1. Visit a mystery house

Even more esoteric attractions are now offering virtual tours – you may not have heard of the Winchester Mystery House, but it’s certainly one of the stranger homes that you can explore online.

Built by Sarah Winchester after receiving instructions from her deceased husband (and a changing cast of other ghosts), the former-7 story mansion is an architectural oddity and has plenty for you to see.

  1. Solve a mystery 

True crime fans can immerse themselves in mysteries or even start solving them. There are plenty of online communities like Reddit’s Unresolved Mysteries, where mystery fans get together to swap theories and combine information to try to get to the bottom of old cold cases.

  1. Volunteer 

Sometimes the best way to get out of your head is to help other people. You may have some local groups that are focused on helping the vulnerable or isolated during the lockdown.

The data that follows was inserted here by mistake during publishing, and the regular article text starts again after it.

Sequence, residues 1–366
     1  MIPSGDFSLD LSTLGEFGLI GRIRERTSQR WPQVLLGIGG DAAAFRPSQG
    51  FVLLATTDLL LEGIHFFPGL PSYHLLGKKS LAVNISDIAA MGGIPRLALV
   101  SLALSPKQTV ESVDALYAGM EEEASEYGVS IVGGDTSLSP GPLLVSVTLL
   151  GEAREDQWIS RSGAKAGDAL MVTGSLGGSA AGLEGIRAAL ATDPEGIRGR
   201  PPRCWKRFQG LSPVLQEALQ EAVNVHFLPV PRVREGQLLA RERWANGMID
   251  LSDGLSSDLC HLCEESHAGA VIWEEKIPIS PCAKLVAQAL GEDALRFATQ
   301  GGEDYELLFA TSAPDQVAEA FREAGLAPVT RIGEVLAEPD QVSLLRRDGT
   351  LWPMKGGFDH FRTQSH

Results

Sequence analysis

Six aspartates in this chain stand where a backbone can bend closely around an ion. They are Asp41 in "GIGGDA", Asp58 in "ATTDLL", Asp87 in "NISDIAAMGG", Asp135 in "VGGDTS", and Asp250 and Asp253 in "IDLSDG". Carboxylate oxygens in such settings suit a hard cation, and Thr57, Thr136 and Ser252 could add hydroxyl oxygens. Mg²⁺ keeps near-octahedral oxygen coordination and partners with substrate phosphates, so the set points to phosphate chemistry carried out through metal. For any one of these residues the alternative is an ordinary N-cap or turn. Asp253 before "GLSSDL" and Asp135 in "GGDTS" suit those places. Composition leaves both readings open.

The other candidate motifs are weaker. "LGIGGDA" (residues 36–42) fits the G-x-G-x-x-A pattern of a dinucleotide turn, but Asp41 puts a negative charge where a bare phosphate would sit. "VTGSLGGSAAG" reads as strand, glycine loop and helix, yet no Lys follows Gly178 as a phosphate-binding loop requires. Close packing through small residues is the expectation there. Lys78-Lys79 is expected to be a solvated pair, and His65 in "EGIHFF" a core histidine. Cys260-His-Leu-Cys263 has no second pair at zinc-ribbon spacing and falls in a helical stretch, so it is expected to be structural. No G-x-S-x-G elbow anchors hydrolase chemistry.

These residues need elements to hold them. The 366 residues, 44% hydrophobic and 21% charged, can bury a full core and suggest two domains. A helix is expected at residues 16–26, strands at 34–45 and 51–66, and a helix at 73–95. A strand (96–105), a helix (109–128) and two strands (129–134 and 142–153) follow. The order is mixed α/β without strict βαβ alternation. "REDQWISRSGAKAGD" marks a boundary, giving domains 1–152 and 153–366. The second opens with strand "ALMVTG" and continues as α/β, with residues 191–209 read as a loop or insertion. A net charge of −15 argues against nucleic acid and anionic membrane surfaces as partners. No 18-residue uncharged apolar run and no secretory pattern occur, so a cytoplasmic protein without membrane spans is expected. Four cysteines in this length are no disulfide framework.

If you’re quarantined or would rather reduce your contact to the absolute minimum, you can volunteer as an online listener with schemes such as 7 Cups to help other people through this tough time.

  1. Start a blog


This could be a great time to build your audience, especially if you have relatively cheap, indoor hobbies that you can share.

Interest in pastimes like cooking and board games has shot up over recent weeks – if your hobbies are trending, why not set up a blog and share your knowledge? You can set up a WordPress account and blog for free and take it from there.

  1. Learn first aid

It’s good to be prepared for an emergency, especially when urgent care centers are overwhelmed or you may not want to leave self-isolation for a relatively minor injury.

You can learn basic first aid online, for free with FutureLearn.

  1. Discover your roots

Wonder where your family was in the flu pandemic of 1918?

Tracing your family tree can unearth lost memories or even distant relatives. Start by learning about genealogy and you can discover more about yourself and your background.

  1. Have a kitchen dance party

You can have too much screen time. If workouts aren’t your thing or you just miss a good dance, put together a list of your favorite songs and dance around your kitchen.

Don’t worry, nobody’s watching!